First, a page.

Simple Spring Recipes for After Your Easter Feast

A month or so ago when I began to focus on ingredient selection, I was picturing a massive glossary of how to pick out numerous ingredients - staples, meats, produce etc. But I suspect you may not want a glossary all in one go. So I'll begin to shift a little from ingredients to technique, just as the seasons are shifting now around the country.

After many people have a big Easter dinner, these two recipes are so simple that you might want to try them this upcoming week.

I made two dishes last week, for the same meal, each of which had very, very few ingredients. So the importance of ingredient selection was underscored. Yet, the keys to make  each dish incredible were very much centered on technique. The first dish was "Barely Cooked Zucchini with Almost No Vinaigrette".

  • Technique 1: Sweating zucchinis and squashes in a colander with Kosher salt. You may have run across this technique before. It's counter-intuitive to sweat moisture OUT of a vegetable, then rinse it, but you don't want all that salt. Using very fresh squashes make cooking almost unnecessary. 
  • Technique 2: Barely, barely cooking the zucchinis. Overcooking vegetables, especially squashes and zucchinis, is a sin to me. I think the quick 60-90 second saute in olive oil helped just seal the vegetable surface with a little oil and heat. I may try this again with no cooking at all. 
  • Technique 3: Using very, very little vinaigrette. I've mentioned this before, see: Secret Weapons for Great Summer Salads. In this case adding a very tiny dose to the zucchinis was just right. I used a cipollini onion-based vinaigrette recently published in The Frankies Spuntino Kitchen Companion and Cooking Manual, a very attractively produced book about Italian-American home cooking. I don't want to copy their recipe here, so buy the book. It's got a few gems you'll enjoy, and is fun to read.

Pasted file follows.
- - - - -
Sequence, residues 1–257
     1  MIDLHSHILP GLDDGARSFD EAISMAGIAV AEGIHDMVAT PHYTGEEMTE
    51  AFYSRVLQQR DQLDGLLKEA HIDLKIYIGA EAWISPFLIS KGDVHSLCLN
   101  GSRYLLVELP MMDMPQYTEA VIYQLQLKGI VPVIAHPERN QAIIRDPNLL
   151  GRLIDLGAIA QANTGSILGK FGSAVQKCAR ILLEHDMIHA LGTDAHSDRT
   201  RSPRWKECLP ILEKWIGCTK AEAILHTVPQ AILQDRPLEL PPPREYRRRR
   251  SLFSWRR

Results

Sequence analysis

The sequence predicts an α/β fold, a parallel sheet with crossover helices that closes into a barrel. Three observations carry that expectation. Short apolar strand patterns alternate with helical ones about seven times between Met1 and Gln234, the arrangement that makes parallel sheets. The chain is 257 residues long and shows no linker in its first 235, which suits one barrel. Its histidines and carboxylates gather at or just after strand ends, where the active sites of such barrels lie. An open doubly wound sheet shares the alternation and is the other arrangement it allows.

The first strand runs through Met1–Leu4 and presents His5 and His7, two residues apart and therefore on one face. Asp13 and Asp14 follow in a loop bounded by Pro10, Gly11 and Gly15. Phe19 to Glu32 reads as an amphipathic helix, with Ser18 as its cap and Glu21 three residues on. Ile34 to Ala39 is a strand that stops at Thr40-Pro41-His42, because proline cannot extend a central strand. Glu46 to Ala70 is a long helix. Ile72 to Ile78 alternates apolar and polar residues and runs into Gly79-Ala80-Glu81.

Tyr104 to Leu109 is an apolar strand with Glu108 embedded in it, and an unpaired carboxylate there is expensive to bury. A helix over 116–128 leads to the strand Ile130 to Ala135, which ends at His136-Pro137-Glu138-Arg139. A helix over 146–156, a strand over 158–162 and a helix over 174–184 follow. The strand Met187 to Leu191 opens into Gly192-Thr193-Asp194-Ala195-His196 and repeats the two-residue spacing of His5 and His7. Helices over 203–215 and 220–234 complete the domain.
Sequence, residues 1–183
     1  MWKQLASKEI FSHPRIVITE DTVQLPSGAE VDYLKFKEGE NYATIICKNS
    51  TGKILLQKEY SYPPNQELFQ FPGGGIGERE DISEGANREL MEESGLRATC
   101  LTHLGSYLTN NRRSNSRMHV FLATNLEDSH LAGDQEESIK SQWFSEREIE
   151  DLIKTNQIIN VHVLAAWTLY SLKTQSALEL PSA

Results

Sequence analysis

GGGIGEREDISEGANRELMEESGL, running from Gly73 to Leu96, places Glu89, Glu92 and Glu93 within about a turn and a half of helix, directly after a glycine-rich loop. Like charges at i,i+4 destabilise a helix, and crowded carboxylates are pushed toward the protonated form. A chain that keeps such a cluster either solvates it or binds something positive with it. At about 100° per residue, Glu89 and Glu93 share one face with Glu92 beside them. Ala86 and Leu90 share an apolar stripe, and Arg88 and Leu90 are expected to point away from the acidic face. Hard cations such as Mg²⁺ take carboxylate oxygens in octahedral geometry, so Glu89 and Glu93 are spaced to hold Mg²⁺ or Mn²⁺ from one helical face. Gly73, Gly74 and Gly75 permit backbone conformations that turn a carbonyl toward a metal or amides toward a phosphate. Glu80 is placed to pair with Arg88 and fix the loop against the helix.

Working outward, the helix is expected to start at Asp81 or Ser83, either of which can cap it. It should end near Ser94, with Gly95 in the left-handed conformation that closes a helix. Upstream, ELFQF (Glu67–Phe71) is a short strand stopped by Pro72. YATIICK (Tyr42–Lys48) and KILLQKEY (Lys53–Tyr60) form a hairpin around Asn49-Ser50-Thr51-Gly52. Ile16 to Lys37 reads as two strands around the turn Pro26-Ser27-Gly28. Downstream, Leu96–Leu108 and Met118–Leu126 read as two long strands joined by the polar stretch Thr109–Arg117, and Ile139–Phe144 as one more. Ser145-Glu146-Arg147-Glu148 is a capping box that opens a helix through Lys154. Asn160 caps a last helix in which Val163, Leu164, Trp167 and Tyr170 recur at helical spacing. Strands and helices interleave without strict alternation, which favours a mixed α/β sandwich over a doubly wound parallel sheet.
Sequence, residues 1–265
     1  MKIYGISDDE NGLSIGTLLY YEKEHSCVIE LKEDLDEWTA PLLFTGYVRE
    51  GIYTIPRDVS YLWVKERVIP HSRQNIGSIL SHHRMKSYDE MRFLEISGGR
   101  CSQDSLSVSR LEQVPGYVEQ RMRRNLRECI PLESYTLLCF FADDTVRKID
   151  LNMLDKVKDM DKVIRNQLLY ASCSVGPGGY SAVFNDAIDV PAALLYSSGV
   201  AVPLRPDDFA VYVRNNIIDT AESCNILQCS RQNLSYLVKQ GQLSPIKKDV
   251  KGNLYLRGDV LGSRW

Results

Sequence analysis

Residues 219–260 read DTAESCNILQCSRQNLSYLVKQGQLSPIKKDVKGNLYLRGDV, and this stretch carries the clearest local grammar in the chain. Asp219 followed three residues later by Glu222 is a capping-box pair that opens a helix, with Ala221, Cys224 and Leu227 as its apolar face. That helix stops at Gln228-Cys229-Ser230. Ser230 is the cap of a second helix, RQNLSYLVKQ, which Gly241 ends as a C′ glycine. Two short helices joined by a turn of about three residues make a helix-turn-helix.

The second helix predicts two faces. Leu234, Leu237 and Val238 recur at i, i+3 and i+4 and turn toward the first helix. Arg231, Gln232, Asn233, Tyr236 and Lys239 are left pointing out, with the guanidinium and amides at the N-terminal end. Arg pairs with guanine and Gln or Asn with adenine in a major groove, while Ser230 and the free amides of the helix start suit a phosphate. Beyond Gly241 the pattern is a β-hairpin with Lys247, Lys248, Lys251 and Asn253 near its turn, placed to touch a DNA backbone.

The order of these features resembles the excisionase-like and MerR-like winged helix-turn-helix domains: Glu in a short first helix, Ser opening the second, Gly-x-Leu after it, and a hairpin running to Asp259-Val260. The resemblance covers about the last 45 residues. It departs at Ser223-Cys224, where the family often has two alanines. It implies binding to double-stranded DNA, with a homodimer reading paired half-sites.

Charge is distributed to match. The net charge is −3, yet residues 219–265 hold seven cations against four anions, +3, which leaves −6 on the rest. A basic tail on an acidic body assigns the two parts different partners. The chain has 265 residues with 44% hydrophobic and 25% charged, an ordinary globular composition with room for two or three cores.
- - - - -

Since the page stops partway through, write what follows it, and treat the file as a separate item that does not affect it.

You can find the zucchini recipe and one for a subtle vinaigrette in separate posts.

The other dish was Sausage with Sage Brown Butter, another offering from The Frankies. Again, I'll not recreate their recipe. However, the key technique was to par-boil good Italian sausages, allow them to cool slightly, then cut them into coins. Saute these sausage coins in a large wide pan, undisturbed, to create a lot of browning. That's the best part of sausage, isn't it? Their technique maximized the crusty parts. Awesome. whether it's sage brown butter sauce, simple tomato sauce, or anything else, this technique is a valuable and simple one to have at your disposal.

For more on Italian ingredient selection, including sausage, see "How to Survive Without An Italian Deli".

Note: If you critically observe this picture, there's not massive browning on the sausage coins and little evidence of sage or brown butter. Several reasons:

  1. All the authentic hot Italian sausages with sage were long gone by the time I pulled out the camera. 
  2. A parallel batch of this dish was made with Italian-style turkey sausages, a fairly inexpensive, fairly healthy product even the picky kids in my house like.  
  3. The Frankies technique added a good amount of extra flavor to the slightly bland (which is why they like them) turkey sausages. 
  4. There's no way my son would eat sage brown butter, so he got just butter, as depicted.  

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